By Tiffany Jeong
In this article, I want to challenge our readers to pursue a deeper understanding of queer bodies of color who have been omitted from the narrative and excluded from the notions of progress for the LGBT+ community. In 2020, drag icons like RuPaul can achieve a net worth of $60million. However, before ascending to mainstream appeal, this multimillion-dollar industry had a long history of marginalization and criminalization. Until this year, William Dorsey Swann was a name unbeknownst to queer academia; but his legacy to the LGBT+ community is indisputable. Swann was the first, “queen of drag.” He was born a slave around 1858 in Maryland; and while he saw the end of the Civil War and the issuing of the Emancipation Proclamation, his life is a testament that systemic oppression of black bodies was far from over. Being a former slave, compounded with being queer, made William Dorsey Swann the target of police surveillance, public scorn, and violence. Following the first police raids of Swann’s dances in the 1880’s, the queen of drag and her guests entered the court of public opinion and were labeled: freaks, colored erotopaths, and a lecherous gang of sexual perverts.
In the opening lines of “Paris is Burning,” we are reminded that the oppression experienced by Swann was still a reality for queens of color over a century later in 1990:
“You have three strikes against you in this world. Every black man has two-that they’re just black and that they are male. But you’re black, and you’re male, and you’re gay. You are going to have a hard fucking time.” (Freddie Pendavis, 1990).
These later iterations of Swann’s drag ball culture have heavily influenced the palatable pageantry displayed in RuPaul’s Drag Race; but it would be remiss to ignore their tumultuous origins and their less agreeable counterparts. To indulge in queer culture without recognizing issues of homelessness, race, prostitution, and police violence is superficial.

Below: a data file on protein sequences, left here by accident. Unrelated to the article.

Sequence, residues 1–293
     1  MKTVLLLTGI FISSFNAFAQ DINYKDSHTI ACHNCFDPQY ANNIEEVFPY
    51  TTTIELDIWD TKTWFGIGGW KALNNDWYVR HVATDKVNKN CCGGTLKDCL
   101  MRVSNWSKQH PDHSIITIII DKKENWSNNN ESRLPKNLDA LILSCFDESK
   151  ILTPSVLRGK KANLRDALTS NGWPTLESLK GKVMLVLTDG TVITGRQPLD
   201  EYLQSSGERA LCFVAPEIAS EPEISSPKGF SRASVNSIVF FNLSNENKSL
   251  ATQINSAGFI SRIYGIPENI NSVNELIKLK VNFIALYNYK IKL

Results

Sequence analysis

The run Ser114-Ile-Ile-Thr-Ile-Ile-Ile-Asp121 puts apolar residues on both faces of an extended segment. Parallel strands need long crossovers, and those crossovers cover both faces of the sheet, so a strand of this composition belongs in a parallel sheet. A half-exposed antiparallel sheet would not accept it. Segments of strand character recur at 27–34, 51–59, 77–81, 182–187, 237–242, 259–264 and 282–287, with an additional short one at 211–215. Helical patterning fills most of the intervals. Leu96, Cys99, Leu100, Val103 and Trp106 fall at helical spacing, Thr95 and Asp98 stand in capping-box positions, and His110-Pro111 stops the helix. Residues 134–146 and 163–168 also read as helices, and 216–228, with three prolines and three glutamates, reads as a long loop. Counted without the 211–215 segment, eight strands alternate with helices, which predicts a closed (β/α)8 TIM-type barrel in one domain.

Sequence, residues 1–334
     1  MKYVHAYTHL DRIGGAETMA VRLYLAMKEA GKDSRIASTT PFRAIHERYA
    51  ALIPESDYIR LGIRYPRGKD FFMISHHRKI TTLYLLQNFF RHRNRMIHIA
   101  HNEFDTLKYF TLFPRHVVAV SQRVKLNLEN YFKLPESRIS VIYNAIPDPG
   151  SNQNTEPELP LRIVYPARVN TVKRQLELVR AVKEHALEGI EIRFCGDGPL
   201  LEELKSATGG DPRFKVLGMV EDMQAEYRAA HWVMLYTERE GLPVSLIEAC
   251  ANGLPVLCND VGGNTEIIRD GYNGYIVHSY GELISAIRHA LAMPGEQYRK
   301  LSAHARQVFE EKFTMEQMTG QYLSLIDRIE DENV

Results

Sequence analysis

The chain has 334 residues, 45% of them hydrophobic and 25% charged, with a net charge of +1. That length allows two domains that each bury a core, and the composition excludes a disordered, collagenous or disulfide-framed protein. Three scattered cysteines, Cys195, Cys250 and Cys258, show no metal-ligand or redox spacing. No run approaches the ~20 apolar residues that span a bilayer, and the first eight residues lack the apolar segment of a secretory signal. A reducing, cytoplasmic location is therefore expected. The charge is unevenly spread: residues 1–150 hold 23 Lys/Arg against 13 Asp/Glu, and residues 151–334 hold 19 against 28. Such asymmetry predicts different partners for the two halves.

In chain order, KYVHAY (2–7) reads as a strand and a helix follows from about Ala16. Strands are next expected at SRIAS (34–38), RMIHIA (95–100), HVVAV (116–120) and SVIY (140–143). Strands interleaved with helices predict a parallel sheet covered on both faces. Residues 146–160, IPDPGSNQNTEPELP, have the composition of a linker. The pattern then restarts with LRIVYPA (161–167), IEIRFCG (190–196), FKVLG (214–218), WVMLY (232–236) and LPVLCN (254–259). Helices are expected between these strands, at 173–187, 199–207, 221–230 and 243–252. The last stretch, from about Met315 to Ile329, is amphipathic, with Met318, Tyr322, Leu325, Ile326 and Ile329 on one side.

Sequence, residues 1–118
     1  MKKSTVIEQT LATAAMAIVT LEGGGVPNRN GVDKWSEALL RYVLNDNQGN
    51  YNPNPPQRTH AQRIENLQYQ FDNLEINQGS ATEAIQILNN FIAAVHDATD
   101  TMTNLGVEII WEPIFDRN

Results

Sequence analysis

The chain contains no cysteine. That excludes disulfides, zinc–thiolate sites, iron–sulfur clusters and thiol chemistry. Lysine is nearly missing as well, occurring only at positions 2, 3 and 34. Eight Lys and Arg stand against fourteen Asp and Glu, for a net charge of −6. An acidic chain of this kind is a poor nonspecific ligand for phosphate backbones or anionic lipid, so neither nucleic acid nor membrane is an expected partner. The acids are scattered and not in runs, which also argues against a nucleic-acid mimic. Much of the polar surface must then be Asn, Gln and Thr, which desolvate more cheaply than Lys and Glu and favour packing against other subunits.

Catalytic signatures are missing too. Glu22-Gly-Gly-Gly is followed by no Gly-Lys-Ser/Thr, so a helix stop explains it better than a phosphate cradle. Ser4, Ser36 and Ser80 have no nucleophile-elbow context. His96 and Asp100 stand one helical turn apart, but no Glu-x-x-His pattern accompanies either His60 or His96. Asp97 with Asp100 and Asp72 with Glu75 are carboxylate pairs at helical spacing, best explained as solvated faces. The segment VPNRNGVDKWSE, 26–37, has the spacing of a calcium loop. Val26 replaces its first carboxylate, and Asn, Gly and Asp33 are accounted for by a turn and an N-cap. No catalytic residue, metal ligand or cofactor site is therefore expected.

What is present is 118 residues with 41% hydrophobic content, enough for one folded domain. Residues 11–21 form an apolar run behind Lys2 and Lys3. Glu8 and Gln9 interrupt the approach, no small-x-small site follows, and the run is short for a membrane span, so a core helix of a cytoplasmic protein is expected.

Less than a century after William Dorsey Swann’s first acts of queer resistance, the Stonewall Riots in 1969 inspired queer people to demand liberation. A central figure to the events at Stonewall was Marsha P. Johnson. The exact details of her involvement that night have been mythologized and disputed, yet there is a consensus that Marsha was a fixture on Christopher St. where she advocated for protections of LGBT+ bodies affected by homelessness and racism. Similar to William Dorsey Swann, Marsha had witnessed a liberation for black Americans. She is famously quoted as saying, “I got my civil rights!” then throwing a shot glass against a Stonewall mirror. The simple fact that we celebrate Pride each year at the anniversary of the Stonewall Riots is a testament to the impacts of daring to be black, trans, and rebellious.
While Marsha P. Johnson would undoubtedly smile at the progress that has been achieved on the gay liberation front, she would be disappointed at its incompletion. Her work with Sylvia Rivera as the mothers of Street Transvestite Action Revolutionaries (STAR) called for the support of homeless queer youth and sex workers. Still, in 2019, at least 27 transgender or gender-nonconforming people were killed because of fatal violence, the majority of which were black trans women (Human Rights Campaign, 2020). LGBT+ liberation demands more than just symbolic gestures, it demands that the most vulnerable queer bodies be seen.
Marsha’s friends tell stories of when she used to stand on the street corner asking a passerby for a dollar only to turn around and give it to someone else in need. Even though she was homeless for extended periods of time, relied on sex work for an unstable income, and didn’t have money to fashion herself in glamorous drag attire, Marsha would happily hand her last two dollars to a friend.
Despite being born in shackles or of little consequence to the white majority, Swann and Marsha advocated for their community. In the context of our mission in Eye2Eye, Swann, and Marsha’s actions are a reminder that the barriers for gender parity in the workplace are more complex than a glass ceiling. The reality is, not all glass ceilings reach the same height and upward velocities are not equal. The intersectionality we advocate for encourages readers to consider their current position in society relative to all other bodies. Rather than just looking up at our white male counterparts, we need to look around for others who we can help advance.